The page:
The late Chao Tzang Yawnghwe had said “Given a correct perception and grasp of political and historical realities and politics by Burmese leaders, there seems little reason why national unity cannot be achieved without resorting to war and bloodshed”.
I agree with him. However, I feel that unity can only happen when there is complete trust and equality between the two sides and not one trying to control or influence the other. It has to come from the heart, and it has to be sincere and genuine on both sides, and it takes time to build a good relationship. Unity cannot be forced upon another.
Speaking as an exiled Shan woman, but having Burmese friends as well as Shan friends from varied communities, to some extent I have an idea of how both sides feel about the situation of Burma.
In any race and any society, there are people who have wise, ethical and caring attitudes toward their fellow men and there are also people who are evil and selfish.
And there are also many Shan and Burmese to get along and live together very well.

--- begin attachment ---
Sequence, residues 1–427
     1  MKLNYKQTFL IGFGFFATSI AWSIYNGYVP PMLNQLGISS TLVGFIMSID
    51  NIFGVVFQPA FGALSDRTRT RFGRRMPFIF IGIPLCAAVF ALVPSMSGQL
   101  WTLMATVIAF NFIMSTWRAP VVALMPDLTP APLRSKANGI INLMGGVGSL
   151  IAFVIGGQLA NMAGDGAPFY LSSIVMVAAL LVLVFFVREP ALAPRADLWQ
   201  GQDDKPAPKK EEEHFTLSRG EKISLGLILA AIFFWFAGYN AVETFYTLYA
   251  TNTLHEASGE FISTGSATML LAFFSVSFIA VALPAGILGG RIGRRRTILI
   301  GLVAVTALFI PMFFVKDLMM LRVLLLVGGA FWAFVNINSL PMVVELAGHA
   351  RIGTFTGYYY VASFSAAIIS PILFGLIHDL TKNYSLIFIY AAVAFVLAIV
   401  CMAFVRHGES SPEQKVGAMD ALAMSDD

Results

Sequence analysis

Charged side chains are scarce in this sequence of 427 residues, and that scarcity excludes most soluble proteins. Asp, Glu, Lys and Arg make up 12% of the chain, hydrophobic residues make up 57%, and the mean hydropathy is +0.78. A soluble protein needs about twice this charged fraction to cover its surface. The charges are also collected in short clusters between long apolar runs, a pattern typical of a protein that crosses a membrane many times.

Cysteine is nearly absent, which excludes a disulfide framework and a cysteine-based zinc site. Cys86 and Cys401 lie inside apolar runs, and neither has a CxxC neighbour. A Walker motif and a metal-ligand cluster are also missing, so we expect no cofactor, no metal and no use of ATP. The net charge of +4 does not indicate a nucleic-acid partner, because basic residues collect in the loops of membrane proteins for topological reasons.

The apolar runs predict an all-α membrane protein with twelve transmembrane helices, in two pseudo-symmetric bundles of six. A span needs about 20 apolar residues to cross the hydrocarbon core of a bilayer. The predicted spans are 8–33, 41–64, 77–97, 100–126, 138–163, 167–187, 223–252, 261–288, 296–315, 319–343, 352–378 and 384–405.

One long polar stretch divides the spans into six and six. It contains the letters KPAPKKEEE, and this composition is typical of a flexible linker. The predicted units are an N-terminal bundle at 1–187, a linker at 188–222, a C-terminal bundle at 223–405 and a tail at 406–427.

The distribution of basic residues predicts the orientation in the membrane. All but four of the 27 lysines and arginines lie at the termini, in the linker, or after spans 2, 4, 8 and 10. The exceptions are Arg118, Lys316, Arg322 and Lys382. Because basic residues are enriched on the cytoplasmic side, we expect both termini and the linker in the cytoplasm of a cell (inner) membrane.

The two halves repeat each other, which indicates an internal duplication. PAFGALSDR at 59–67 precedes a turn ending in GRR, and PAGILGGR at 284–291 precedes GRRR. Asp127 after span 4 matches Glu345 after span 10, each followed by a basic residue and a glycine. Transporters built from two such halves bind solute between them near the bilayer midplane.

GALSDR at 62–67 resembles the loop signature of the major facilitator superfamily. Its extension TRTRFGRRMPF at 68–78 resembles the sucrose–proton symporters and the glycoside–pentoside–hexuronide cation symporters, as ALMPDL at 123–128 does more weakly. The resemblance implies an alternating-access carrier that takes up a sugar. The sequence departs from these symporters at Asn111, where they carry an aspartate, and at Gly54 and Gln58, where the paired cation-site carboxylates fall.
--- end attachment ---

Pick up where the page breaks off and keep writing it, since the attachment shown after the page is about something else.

However, we cannot turn a blind eye on the situation of Shan people as a whole. There are many reasons why for Shans in Shan State and other parts of Burma there is mistrust of the Burmese and it is because of how they’ve been treated in the past and in the present. As long as they don’t make waves, and as long as they please the regime by going along with whatever they impose on them and keep a low profile, they are to some extent safe. Our history and heritage has been destroyed and lied about, and we are not allowed to celebrate Shan National Day.
I’ve been told that many Shans in Burma call themselves by Burmese names and speak only Burmese language in public. It is as though they are frightened to be Shan. Continue reading “Unity among the Peoples of Burma by Feraya”
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